1. ExampleValidator: It looks for anomalies and null values in the dataset. It takes the output from StatisticsGen and SchemaGen as an input.
 example_validator = ExampleValidator(
         statistics=statistics_gen.outputs['statistics'],
         schema=schema_gen.outputs['schema'])
 context.run(example_validator) 

Now, visualize it:

context.show(example_validator.outputs['anomalies'])

  1. Transform : It does the data/feature engineering step on the dataset(train & serving). It uses the TensorFlow Transform library. It takes data from ExampleGen, the schema from SchemaGen, and a module that contains user-defined Transform code, as an input. But before that, there are few preprocessing steps, whose code is available here.

        Now, transform the data  and check the output:

See Also

 transform = Transform(
     examples=example_gen.outputs['examples'],
     schema=schema_gen.outputs['schema'],
   module_file=os.path.abspath(_taxi_transform_module_file))
 context.run(transform) 

It outputs transform_graph (graph that can perform the preprocessing operations) and transformed_examples(represents the preprocessed training and evaluation data). The code for examining them is available here.

  1. Trainer : It trains the model using Keras. The default trainer is an estimator. For using the Keras trainer, we have to define a generic trainer by setup custom_executor_spec=executor_spec.ExecutorClassSpec(GenericExecutor) in Trainer’s constructor. The trainer takes the schema from SchemaGen, the transformed data and graph from Transform, training parameters, and a module that contains user-defined model code as its input. Before setting up the trainer, define some user-defined modules necessary for the trainer and whose code is available here.
 trainer = Trainer(
     module_file=os.path.abspath(_taxi_trainer_module_file),
     custom_executor_spec=executor_spec.ExecutorClassSpec(GenericExecutor),
     examples=transform.outputs['transformed_examples'],
     transform_graph=transform.outputs['transform_graph'],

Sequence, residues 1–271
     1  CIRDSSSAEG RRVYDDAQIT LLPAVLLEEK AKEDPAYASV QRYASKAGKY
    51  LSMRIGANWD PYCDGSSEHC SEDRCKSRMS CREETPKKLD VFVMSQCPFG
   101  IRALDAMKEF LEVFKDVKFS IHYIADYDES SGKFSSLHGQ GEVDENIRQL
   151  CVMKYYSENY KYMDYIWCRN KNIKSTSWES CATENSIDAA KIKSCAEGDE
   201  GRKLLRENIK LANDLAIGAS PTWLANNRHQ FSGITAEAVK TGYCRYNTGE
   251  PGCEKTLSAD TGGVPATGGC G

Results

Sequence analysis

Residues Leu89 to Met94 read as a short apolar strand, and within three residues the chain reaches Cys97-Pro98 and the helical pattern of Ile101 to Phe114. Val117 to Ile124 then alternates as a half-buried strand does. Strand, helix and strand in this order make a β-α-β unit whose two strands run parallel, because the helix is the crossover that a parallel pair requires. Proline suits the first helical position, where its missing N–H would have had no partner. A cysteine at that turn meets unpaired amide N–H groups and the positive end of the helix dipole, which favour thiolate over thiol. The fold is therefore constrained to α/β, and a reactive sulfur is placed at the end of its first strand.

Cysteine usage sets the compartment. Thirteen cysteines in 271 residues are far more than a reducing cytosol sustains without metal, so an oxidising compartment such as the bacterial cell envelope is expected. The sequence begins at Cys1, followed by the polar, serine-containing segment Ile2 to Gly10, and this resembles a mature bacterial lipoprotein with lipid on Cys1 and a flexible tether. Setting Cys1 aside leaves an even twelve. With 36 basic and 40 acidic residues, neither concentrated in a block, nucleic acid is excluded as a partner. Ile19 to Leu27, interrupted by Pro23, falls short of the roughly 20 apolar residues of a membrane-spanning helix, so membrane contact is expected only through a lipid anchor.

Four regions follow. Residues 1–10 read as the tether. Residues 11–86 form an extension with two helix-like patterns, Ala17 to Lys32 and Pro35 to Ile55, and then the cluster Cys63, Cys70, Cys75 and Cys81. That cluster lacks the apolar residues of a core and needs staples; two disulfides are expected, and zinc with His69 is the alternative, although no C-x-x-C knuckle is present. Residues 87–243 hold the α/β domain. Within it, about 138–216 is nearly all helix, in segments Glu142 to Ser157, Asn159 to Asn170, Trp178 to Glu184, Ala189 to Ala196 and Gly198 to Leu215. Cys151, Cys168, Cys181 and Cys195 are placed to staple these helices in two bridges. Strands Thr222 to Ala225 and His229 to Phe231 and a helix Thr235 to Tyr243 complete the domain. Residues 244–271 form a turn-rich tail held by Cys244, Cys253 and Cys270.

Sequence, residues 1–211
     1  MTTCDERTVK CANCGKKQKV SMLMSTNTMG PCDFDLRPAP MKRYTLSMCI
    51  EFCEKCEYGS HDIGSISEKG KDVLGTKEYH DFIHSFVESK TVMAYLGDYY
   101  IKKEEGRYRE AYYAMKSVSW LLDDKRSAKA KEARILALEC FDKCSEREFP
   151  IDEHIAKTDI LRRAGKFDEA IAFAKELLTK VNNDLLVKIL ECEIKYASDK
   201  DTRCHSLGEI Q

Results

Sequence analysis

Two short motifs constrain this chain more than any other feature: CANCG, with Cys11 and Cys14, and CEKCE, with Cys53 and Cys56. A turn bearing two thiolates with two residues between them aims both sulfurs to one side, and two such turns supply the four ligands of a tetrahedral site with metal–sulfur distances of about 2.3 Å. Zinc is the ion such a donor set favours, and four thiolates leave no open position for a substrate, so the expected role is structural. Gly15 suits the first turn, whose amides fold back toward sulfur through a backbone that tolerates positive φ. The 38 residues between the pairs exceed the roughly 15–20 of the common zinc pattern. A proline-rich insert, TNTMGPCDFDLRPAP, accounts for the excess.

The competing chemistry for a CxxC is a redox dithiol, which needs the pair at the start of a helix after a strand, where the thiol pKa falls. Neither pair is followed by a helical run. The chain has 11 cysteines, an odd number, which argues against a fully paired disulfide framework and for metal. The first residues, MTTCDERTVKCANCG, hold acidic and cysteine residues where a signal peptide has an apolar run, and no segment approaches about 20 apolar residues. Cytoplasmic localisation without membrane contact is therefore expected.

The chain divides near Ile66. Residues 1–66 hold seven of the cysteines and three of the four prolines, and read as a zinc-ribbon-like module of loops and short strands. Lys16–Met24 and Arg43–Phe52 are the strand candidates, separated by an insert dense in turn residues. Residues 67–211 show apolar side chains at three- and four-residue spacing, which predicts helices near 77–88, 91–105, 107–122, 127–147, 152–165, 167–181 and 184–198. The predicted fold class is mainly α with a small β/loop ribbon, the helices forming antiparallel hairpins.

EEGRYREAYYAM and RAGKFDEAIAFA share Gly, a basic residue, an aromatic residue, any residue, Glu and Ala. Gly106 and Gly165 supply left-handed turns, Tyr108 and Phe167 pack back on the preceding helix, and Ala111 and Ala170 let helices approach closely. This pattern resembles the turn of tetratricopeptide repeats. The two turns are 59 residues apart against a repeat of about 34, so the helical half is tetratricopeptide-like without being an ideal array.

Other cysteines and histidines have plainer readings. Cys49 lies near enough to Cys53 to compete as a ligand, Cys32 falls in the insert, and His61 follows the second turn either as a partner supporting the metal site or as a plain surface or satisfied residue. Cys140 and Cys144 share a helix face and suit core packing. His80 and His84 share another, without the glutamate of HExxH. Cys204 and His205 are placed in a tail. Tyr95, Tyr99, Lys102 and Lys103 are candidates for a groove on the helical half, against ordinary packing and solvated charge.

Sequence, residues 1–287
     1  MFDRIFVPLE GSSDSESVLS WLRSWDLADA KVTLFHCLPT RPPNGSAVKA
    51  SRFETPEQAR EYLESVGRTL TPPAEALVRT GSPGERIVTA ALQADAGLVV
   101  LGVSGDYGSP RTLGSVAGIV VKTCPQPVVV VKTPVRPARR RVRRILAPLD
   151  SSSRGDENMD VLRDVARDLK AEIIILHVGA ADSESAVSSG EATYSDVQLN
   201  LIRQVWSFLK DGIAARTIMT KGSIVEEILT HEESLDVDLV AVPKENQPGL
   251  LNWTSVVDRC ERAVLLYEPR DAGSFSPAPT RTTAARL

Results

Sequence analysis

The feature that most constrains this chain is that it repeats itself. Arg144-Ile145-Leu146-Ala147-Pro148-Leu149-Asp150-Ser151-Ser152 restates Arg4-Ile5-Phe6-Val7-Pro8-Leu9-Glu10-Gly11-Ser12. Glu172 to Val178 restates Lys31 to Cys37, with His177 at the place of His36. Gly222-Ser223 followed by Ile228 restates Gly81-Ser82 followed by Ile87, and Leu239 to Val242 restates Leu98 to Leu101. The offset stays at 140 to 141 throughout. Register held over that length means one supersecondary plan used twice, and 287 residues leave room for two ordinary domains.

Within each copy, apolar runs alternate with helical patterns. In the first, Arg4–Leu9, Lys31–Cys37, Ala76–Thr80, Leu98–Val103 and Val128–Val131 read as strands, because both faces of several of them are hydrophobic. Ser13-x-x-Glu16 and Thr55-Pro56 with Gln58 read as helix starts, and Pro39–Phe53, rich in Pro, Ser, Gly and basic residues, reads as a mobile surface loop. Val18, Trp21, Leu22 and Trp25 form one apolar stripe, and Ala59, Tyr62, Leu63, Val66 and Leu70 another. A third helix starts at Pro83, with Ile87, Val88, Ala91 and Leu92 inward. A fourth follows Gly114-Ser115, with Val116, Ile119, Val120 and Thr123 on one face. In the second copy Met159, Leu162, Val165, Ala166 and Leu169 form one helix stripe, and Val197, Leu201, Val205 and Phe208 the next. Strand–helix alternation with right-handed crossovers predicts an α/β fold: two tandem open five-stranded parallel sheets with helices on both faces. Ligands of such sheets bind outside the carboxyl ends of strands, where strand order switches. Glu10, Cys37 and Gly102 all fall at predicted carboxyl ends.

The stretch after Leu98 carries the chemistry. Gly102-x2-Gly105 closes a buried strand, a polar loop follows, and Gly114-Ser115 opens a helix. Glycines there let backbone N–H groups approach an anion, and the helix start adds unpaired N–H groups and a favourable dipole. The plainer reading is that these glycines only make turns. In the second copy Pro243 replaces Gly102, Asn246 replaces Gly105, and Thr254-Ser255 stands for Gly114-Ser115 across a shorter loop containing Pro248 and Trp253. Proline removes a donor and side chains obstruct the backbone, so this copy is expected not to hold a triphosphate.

schema=schema_gen.outputs['schema'],
     train_args=trainer_pb2.TrainArgs(num_steps=10000),
     eval_args=trainer_pb2.EvalArgs(num_steps=5000))
 context.run(trainer) 

    Analyze the trainer via tensorboard.

 model_run_artifact_dir = trainer.outputs['model_run'].get()[0].uri
 %load_ext tensorboard
 %tensorboard --logdir {model_run_artifact_dir} 
  1. Evaluator : It evaluates the performance metric on the evaluation set via the TensorFlow Model Analysis library. It takes the data from ExampleGen, the trained model from Trainer, and the slicing configuration(that can slice your metrics on feature values). An example is available here. Then pass this configuration to the evaluator as :
 # Use TFMA to compute a evaluation statistics over features of a model and
 # validate them against a baseline.
 # The model resolver is only required if performing model validation in addition
 # to evaluation. In this case we validate against the latest blessed model. If
 # no model has been blessed before (as in this case) the evaluator will make our
 # candidate the first blessed model.
 model_resolver = ResolverNode(
       instance_name='latest_blessed_model_resolver',
       resolver_class=latest_blessed_model_resolver.LatestBlessedModelResolver,
       model=Channel(type=Model),
       model_blessing=Channel(type=ModelBlessing))
 context.run(model_resolver)
 evaluator = Evaluator(
     examples=example_gen.outputs['examples'],
     model=trainer.outputs['model'],
     baseline_model=model_resolver.outputs['model'],
     eval_config=eval_config)
 context.run(evaluator) 

  Next, you can examine and visualize the evaluation output:

evaluator.outputs

context.show(evaluator.outputs['evaluation'])

Full code is available for visualization is here.

  1. Pusher : It is present at the end of the TFX pipeline and checks the model validation and, if so, then deploy the model to a serving infrastructure.
 pusher = Pusher(
     model=trainer.outputs['model'],
     model_blessing=evaluator.outputs['blessing'],
     push_destination=pusher_pb2.PushDestination(
         filesystem=pusher_pb2.PushDestination.Filesystem(
             base_directory=_serving_model_dir)))
 context.run(pusher) 

You can now examine the output of the pusher.

You can find the complete tutorial here.

Conclusion

This post discussed Google’s Tensorflow Extended (TFX), a platform for machine learning to scale up productionisation. It provides different pipelines, components and libraries that are not only capable of building an ML model but also provides support for deployment. TFX also helps in monitoring the performance of your machine learning system.

Note : All images/figures are taken from official sources.

Official codes, docs & tutorials are available at: